In a fascinating article about trends in sound engineering, Rolling Stone notes that producers are now specifically mixing tracks to compensate for the failings in MP3 — it seems to me that as a society, we're happy to sacrifice fidelity for ease of use, flexibility and low-cost (see, for example, the trend from landlines to cordless phones to mobile phones to Skype). Designing for that, as opposed to lamenting it — is a damned good and realistic thing to do.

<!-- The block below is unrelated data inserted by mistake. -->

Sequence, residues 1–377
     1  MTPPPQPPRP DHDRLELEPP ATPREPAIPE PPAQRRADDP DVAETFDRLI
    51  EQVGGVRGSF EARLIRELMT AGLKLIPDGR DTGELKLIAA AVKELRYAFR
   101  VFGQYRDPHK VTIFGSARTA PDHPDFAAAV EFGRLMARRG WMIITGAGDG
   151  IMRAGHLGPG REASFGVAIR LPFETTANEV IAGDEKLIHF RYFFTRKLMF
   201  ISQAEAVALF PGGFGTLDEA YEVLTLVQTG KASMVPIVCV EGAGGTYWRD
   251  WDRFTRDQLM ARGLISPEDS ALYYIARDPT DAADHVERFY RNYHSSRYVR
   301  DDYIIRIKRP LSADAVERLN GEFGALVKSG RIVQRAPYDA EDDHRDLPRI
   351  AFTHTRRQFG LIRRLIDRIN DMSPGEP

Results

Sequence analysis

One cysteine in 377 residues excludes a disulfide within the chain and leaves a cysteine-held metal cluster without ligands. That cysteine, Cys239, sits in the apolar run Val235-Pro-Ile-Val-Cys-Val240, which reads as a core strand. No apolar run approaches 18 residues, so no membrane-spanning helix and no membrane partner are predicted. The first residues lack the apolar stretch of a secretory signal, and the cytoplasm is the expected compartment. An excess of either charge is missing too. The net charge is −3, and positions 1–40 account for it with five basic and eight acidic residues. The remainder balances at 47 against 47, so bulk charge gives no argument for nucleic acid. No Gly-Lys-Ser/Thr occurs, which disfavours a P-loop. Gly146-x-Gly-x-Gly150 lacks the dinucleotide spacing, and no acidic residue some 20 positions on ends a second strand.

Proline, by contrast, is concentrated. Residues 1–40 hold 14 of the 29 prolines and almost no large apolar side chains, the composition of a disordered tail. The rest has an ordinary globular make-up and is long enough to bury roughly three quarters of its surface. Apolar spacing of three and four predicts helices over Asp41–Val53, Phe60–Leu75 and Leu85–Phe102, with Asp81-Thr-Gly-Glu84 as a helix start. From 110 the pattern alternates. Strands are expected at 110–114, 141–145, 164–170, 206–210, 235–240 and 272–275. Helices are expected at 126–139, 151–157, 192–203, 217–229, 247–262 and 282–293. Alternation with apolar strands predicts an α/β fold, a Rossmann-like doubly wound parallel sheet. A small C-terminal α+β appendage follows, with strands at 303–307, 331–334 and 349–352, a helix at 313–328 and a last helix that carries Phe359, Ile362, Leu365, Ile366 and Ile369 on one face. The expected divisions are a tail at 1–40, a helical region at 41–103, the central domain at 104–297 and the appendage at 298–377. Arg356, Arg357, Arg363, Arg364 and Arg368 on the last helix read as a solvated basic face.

Producers also now alter the way they mix albums to compensate for the limitations of MP3 sound. "You have to be aware of how people will hear music, and pretty much everyone is listening to MP3," says producer Butch Vig, a member of Garbage and the producer of Nirvana's Never- mind. "Some of the effects get lost. So you sometimes have to over-exaggerate things." Other producers believe that intensely compressed CDs make for better MP3s, since the loudness of the music will compensate for the flatness of the digital format.